Hurricane Gustav has finally made landfall on the Louisiana coast this morning and it appears that the brunt of the storm will be passing to the south and west of New Orleans. It appears that the city will be spared destruction on the scale of Hurricane Katrina three years ago but the people of the Gulf Coast are not out of the woods just yet.
From the New York Times:
Credit: Bill Haber/Associated Press
Hurricane Gustav made landfall along the Louisiana coast late Monday morning, and with the center of the storm striking 70 miles southwest of New Orleans.
While and the storm lashed the Gulf Coast with strong winds and rain, it was downgraded from category 3 to category 2, on a scale of 1 to 5, because its winds had slowed to 110 miles an hour from 115 m.p.h., according to the National Weather Service. Officials at the Army Corps of Engineers said that New Orleans’ levee system was being severely tested, but they did not think that the hurricane would cause water to flow over its walls. If the levees were not overtopped, that would be good news for the city, since “overtopping” can cause levees to fail.The center of the storm struck land at Cocodrie, La., about 70 miles southwest of New Orleans, the National Hurricane Center said in a bulletin at 11 a.m., ET. As the hurricane moves inland, the broad path of the storm plotted by the National Hurricane Center showed it likely to pass through the towns of New Iberia, Baton Rouge, Houma, Morgan City and Thibodaux.
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The atmosphere in the emergency operations center in New Orleans was tense. Workers on the Inner Harbor Navigation Canal — considered a particularly weak link in the city’s levee protection system — said that the water level in the canal was a little more than 10 feet above normal, or about three feet from the top of the floodwalls. There was some reported spillover at the west floodwall, though officials said the water level there was no longer rising.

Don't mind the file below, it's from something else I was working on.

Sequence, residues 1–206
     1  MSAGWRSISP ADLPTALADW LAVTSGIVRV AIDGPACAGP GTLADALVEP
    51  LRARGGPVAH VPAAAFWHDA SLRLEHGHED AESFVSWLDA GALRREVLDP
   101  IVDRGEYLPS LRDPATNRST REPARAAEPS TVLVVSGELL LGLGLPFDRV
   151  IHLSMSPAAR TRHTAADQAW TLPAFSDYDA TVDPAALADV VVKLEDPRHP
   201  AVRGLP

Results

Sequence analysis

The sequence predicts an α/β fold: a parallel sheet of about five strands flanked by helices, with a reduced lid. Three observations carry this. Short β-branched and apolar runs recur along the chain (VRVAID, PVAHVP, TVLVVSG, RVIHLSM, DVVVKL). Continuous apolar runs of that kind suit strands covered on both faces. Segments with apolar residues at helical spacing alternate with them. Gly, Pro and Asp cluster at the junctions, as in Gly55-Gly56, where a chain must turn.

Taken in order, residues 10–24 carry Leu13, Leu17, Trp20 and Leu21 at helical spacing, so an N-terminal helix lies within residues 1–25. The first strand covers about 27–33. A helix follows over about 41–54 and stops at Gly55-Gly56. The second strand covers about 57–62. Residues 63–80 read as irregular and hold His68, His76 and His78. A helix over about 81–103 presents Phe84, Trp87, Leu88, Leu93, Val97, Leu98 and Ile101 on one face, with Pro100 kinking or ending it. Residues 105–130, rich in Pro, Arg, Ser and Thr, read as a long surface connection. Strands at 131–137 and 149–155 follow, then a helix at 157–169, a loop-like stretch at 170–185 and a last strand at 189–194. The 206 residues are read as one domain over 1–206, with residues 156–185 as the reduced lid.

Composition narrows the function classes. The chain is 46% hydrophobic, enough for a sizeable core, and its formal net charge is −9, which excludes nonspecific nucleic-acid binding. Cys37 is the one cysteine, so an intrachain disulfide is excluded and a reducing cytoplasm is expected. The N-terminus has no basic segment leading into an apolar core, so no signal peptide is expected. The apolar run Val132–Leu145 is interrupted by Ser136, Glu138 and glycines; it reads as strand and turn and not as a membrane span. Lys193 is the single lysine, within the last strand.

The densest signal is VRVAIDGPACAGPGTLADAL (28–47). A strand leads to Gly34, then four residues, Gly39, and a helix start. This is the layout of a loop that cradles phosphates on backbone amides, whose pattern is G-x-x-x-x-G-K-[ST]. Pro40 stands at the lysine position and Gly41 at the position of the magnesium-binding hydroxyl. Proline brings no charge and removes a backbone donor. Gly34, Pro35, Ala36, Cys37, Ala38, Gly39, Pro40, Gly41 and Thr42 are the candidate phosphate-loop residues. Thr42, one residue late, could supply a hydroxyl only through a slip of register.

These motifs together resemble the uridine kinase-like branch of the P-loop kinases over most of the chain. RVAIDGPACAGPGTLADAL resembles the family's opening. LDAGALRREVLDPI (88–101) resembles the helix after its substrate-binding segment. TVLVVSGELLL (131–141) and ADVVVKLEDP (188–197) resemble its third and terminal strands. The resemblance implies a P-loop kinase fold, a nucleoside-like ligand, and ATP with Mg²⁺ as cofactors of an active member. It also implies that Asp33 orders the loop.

A weakened Hurricane Gustav slammed into the heart of Louisiana’s fishing and oil industry Monday, avoiding a direct hit on flood-prone New Orleans and boosting hope that the city would avoid catastrophic flooding.
Wind-driven water was sloshing over the top of the Industrial Canal’s floodwall, but city officials and the Army Corps of Engineers said they expected the levees, still only partially rebuilt after Hurricane Katrina, would hold. The canal broke during hurricanes Betsy and Katrina, flooding St. Bernard Parish and the Lower 9th Ward.
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The National Hurricane Center in Miami said Gustav hit around 10:30 a.m. EDT Monday near the Cocodrie, a low-lying community in Louisiana’s Cajun country about 72 miles southwest of New Orleans. Forecasters once feared a storm that chased nearly 2 million from the coast would arrive as a devastating Category 4 with much more powerful winds.
While New Orleans avoided a direct hit, the storm could be devastating where it did strike. For most of the past half century, the bayou communities that thrived in the Barataria basin have watched their land literally disappear. A combination of factors — oil drilling, hurricanes, river levees, damming of rivers — have destroyed marshes and swamps that once flourished in this river delta.
There were reports of water going over the Industrial Canal levee near a railroad bridge, said Chris Macaluso, a spokesman for the Louisiana Office of Coastal Protection and Restoration. The Port of New Orleans will raise the bridge to ease pressure on the system, he said.
The Industrial Canal levee failed during Hurricane Katrina in 2005, devastating the Lower Ninth Ward and neighboring St. Bernard Parish.
The Federal Emergency Management Agency said two Navy boats that were being scrapped at a facility on the canal broke away from their moorings and were driven against the pilings of a nearby bridge.
A tow boat was being dispatched to retrieve the vessels, the agency said. Brandon Touchard, emergency coordinator of St. Charles Parish, said that five barges had also come loose there.
Gustav made landfall Monday morning near the coastal town of Cocodrie, Louisiana, about 80 miles southwest of New Orleans.